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Ecological Integrity refers to the ability of an ecosystem to support and maintain ecological processes and a diverse community of organisms. Ecological Integrity is measured as the degree to which a diverse community of native organisms is maintained, and is used as a proxy for ecological resilience, intended as the capacity of an ecosystem to adapt in the face of stressors, while maintaining the functions of interest.

For example, the presence of a diverse portfolio of species increases the probability that at least some of these species have the traits required to survive and maintain a suite of ecosystem functions in the face of climate change. Such is the case for an intact coral reef system that can better withstand the effects of ocean acidification than an impacted reef, while maintaining functions such as productivity.

How Was It Measured?

The Ocean Health Index measured Ecological Integrity as the relative condition of assessed species in a given location. This was calculated as the weighted sum of the International Union for Conservation of Nature’s (IUCN) assessments of species.  Weights used were based on the level of extinction risk following Butchart et al. 2007: EX (extinct) = 0.0, CR (critically endangered) = 0.2, EN (endangered) = 0.5, VU (vulnerable) = 0.7, NT (not threatened) = 0.9, and LC (least concern) = 0.99. For primarily coastal goals, the spatial average of these per-pixel scores was based on a 3nmi buffer; for goals derived from all ocean waters, the spatial average was computed for the entire EEZ.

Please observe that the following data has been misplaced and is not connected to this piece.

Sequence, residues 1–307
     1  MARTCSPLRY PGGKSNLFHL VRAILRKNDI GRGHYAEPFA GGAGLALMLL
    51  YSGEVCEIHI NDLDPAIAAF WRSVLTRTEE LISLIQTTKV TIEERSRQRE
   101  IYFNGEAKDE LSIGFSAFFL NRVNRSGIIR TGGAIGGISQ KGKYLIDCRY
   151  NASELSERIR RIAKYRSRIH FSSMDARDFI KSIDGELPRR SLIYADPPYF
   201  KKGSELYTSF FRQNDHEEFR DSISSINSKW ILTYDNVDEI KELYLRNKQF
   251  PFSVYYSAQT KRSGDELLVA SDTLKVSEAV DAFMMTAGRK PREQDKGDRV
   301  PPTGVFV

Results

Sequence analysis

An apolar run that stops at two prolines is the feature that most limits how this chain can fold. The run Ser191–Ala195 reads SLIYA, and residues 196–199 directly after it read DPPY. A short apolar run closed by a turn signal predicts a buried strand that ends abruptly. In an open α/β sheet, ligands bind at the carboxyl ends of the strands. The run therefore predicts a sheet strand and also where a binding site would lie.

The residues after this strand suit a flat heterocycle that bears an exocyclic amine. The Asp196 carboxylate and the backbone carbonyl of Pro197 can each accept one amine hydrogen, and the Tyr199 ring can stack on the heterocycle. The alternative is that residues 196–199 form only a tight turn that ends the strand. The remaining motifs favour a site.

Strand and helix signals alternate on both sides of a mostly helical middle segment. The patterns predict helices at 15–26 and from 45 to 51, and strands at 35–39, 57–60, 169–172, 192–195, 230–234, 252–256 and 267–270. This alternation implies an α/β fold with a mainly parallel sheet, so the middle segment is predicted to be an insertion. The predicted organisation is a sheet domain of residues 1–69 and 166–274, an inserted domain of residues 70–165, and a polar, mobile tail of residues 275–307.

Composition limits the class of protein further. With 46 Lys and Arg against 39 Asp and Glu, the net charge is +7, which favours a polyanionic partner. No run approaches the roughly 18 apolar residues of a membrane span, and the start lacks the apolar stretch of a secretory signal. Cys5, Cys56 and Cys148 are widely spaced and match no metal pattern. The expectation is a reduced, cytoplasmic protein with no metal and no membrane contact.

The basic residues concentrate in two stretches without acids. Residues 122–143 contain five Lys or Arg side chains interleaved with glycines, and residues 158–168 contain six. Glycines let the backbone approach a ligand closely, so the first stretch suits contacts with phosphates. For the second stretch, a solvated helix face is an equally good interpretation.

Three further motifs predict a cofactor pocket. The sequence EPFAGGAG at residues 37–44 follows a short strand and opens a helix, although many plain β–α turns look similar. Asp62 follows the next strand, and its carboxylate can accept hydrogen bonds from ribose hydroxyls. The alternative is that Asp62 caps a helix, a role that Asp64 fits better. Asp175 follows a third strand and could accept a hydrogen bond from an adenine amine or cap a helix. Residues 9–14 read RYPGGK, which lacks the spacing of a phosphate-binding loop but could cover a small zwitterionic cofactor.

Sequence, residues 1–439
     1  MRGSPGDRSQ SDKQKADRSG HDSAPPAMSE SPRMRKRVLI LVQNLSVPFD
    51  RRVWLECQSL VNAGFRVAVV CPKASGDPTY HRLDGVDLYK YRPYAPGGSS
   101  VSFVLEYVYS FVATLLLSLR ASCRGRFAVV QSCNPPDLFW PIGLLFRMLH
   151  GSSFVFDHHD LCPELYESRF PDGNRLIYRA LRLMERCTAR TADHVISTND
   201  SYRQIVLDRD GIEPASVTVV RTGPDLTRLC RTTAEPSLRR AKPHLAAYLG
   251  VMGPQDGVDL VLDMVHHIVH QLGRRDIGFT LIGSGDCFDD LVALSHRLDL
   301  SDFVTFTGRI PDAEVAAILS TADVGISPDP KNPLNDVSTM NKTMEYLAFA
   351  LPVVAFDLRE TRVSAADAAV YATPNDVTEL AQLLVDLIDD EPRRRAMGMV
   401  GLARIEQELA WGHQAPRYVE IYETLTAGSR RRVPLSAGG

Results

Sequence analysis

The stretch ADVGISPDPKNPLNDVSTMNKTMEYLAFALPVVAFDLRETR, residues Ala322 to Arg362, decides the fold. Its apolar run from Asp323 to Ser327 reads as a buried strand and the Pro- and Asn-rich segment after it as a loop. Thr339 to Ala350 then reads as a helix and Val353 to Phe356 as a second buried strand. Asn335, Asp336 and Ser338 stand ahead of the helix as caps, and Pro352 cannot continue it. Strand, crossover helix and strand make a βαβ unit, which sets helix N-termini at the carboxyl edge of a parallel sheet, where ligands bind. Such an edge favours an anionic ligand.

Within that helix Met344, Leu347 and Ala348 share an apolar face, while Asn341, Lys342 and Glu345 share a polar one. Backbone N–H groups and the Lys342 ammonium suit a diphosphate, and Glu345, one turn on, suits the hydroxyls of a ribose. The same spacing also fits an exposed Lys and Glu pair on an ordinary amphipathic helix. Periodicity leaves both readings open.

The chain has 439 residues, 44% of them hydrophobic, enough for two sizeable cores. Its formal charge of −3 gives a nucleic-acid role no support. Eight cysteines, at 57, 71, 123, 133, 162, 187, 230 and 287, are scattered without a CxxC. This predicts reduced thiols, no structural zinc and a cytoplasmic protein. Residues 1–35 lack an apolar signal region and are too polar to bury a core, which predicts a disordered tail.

IUCN periodically reports the results of assessments of new species and the Ocean Health Index incorporates the latest information available. Newly reported population trends produced by IUCN for more than 1,300 species were added in 2013 and approximately 1,500 species were added for 2015. 

Ecological Integrity is a Resilience measure used in calculating scores for five of the Goals. The Goals that it influences are Food Provision (Fishing), Artisanal Fishing Opportunity, Natural Products, Sense of Place (Iconic Species), and Biodiversity (all subgoals except Species).  


Andreasen, J. (2001). Considerations for the development of a terrestrial index of ecological integrity. Ecological Indicators 1, 21–35.

Karr, J. R. (1993). Defining and assessing ecological integrity: Beyond water quality. Environmental Toxicology and Chemistry 12, 1521–1531.

Parrish, J. D., D.P. Braun and R.S. Unnasch. (2003). Are we conserving what we say we are? Measuring ecological integrity within protected areas. Bioscience 53, 851–860.